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Media coverage of Obama’s Africa visit spoke to different sides of the US-Africa-China triangle

Obama speaks at the African Union in Addis Ababa, Ethiopia.
Reuters/Jonathan Ernst
In the eye of the beholder.
By Lily Kuo
Published Last updated This article is more than 2 years old.

When Air Force One landed in Nairobi last week, a local television broadcaster almost burst into tears watching the US presidential plane cruise down the tarmac. “I can’t believe it, history is being made as we watch,” she said. In China, meanwhile, the tabloid Global Times ran a cartoon of Barack Obama dressed in tribal wear, and state news agency Xinhua accused the US president of performing a “kinship political show.”

People's Daily

And while Kenya’s main newspaper, the Daily Nation, spent most of the president’s visit debating where he spent the night and interviewing his relatives in Kenya, the People’s Daily, the official newspaper of the Chinese Communist Party, ran an editorial (at the bottom left of the front page pictured here) at the conclusion of Obama’s trip saying “America should drop the jealousy and do its part in Africa.”

Daily Nation

The very different media treatment applied to Obama’s visit illustrates two extreme views—one unswervingly critical and the other not critical enough—toward America’s relationship with Africa.

China’s interest in this issue is an economic one. The country surpassed the US to be Africa largest trading partner in 2009 and since then has entrenched itself in the region by building roads, railways, ports, telecom, and other major infrastructure projects, as well as hosting high-level diplomatic exchanges. As Chinese coverage of the visit noted, the African Union headquarters where Obama spoke in Ethiopia was built by the Chinese (link in Chinese).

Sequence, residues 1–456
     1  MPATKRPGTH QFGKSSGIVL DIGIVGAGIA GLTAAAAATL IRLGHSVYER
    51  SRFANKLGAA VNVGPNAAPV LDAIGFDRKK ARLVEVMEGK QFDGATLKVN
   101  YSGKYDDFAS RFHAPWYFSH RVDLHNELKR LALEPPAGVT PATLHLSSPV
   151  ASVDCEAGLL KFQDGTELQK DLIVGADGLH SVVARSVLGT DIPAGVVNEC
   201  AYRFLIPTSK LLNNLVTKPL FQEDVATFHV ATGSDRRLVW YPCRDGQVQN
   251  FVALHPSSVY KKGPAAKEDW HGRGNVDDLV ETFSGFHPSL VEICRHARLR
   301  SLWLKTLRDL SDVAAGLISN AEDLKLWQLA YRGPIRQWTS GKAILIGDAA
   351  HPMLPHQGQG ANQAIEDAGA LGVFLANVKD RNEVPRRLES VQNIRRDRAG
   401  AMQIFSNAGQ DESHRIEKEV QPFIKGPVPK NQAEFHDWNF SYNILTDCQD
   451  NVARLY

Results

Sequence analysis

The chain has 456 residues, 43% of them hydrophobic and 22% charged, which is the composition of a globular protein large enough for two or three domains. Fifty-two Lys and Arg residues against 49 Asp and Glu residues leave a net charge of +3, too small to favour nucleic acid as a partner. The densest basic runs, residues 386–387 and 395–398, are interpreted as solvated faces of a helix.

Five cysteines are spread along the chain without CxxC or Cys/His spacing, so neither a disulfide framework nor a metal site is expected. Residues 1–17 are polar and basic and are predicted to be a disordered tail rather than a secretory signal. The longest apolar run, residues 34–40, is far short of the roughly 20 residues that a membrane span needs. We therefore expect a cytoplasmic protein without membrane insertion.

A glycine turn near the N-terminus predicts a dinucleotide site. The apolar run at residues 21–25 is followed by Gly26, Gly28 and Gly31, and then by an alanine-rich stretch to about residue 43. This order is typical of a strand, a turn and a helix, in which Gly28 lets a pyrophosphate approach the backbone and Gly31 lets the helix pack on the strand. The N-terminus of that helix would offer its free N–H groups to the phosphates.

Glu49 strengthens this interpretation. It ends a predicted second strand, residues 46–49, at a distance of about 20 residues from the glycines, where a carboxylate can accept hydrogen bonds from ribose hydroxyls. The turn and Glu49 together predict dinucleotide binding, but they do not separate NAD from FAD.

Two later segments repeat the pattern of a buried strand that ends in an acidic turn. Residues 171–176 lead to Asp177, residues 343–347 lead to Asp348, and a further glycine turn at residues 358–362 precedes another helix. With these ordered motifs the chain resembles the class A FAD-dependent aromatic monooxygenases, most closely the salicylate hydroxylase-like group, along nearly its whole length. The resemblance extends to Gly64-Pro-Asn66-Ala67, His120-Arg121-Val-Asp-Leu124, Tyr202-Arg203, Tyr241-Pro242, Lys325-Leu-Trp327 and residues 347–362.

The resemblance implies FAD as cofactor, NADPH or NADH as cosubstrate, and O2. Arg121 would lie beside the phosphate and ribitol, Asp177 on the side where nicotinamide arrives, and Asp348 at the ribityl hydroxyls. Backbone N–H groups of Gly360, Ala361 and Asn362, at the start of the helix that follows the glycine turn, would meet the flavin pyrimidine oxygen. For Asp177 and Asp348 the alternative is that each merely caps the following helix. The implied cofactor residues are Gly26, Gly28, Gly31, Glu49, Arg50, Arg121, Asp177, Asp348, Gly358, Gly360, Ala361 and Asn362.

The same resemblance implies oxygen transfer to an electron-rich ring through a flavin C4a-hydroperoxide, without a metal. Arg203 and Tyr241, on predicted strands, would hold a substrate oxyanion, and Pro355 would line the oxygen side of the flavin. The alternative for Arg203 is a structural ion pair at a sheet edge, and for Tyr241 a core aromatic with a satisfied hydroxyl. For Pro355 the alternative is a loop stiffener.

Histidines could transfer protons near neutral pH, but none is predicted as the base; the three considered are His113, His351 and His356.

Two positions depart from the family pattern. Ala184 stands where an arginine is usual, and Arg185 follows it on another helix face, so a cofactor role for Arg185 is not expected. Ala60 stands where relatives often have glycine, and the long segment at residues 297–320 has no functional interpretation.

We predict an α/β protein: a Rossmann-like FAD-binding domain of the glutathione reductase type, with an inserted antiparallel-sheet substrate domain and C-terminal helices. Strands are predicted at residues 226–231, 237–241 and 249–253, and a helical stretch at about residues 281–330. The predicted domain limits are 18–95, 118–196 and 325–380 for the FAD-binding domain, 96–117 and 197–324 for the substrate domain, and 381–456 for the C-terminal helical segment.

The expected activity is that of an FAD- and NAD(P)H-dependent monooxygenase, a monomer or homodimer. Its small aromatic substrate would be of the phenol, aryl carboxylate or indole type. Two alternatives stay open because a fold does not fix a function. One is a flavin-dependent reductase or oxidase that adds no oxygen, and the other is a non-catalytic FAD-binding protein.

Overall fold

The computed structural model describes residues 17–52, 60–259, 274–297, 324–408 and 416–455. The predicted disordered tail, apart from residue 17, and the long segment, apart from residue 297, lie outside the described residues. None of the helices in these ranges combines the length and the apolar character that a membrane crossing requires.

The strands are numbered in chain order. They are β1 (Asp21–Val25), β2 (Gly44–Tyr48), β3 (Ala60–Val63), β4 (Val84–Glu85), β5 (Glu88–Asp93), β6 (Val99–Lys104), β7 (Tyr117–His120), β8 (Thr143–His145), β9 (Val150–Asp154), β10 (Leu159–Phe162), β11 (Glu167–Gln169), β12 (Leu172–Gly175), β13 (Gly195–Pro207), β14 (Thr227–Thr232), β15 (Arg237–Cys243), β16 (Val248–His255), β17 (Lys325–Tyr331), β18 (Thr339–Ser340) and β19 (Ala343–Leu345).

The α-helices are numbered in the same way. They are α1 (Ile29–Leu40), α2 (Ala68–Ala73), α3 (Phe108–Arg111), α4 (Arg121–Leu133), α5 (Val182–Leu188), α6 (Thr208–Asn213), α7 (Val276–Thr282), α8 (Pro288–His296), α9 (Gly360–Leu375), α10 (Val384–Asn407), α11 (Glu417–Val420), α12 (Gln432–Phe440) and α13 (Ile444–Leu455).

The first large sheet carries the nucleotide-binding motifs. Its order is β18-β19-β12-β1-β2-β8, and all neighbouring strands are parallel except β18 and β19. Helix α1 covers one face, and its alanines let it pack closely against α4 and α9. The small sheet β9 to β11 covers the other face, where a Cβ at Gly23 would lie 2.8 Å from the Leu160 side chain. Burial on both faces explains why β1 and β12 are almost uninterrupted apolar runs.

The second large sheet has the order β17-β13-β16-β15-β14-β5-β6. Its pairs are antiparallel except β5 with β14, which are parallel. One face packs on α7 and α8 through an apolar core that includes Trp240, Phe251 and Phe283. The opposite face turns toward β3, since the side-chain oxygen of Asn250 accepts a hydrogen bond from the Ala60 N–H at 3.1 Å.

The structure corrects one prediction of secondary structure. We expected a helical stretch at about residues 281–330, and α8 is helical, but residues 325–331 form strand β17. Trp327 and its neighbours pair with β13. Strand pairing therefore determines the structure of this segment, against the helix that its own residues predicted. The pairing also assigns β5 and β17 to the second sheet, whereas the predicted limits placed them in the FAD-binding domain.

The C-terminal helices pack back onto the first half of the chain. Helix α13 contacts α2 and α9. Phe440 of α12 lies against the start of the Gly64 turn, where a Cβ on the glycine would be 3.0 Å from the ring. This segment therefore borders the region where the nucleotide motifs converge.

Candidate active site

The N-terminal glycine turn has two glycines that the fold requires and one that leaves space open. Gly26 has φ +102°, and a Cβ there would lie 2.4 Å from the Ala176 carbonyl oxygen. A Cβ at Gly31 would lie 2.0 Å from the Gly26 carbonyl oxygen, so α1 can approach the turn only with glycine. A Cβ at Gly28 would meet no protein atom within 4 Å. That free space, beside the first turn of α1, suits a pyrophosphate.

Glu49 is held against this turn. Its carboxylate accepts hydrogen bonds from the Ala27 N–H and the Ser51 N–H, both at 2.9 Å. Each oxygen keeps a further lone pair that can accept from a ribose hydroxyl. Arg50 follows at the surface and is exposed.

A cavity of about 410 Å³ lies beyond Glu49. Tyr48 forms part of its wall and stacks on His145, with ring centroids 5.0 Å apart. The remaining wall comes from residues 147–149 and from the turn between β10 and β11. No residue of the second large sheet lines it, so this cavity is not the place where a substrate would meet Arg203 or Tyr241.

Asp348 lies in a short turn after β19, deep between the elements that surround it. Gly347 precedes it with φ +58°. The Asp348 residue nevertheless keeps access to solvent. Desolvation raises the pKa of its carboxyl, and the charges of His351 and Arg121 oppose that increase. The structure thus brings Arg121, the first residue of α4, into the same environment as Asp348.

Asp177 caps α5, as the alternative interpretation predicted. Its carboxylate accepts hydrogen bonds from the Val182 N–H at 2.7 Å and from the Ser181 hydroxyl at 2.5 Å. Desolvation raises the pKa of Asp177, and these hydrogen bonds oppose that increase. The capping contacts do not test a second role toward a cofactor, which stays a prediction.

Though much of the coverage on the African continent was fawning, China’s criticism of American lecturing of other countries on corruption, human rights, and equality rang true for at least some in Africa who listened to Obama’s speeches. ”When I speak to my friends and family here in Kenya, their feeling about America is ‘clean your own house first,'” Teresa Mbagaya, a Kenyan-American entrepreneur in Nairobi, told the BBC.

An editorial by Andrew Mwenda, founder of the East African magazine The Independent, also sounds remarkably similar to China’s stance:

“Obama has no moral right to lecture Africans on democracy, human rights, and clean government because his country has been sponsoring corrupt and cruel policies against black people at home and thieving tyrants on our continent…In any case, is the US such a model country in governance to give Obama the moral authority to lecture Africans?”

Perhaps not, although it’s worth remembering that China would have at least as tough a time claiming any moral high ground here. Meanwhile, the regions’ economic entanglements deepen.

📬 A periodic dispatch from the annual session of the United Nations General Assembly in NYC.

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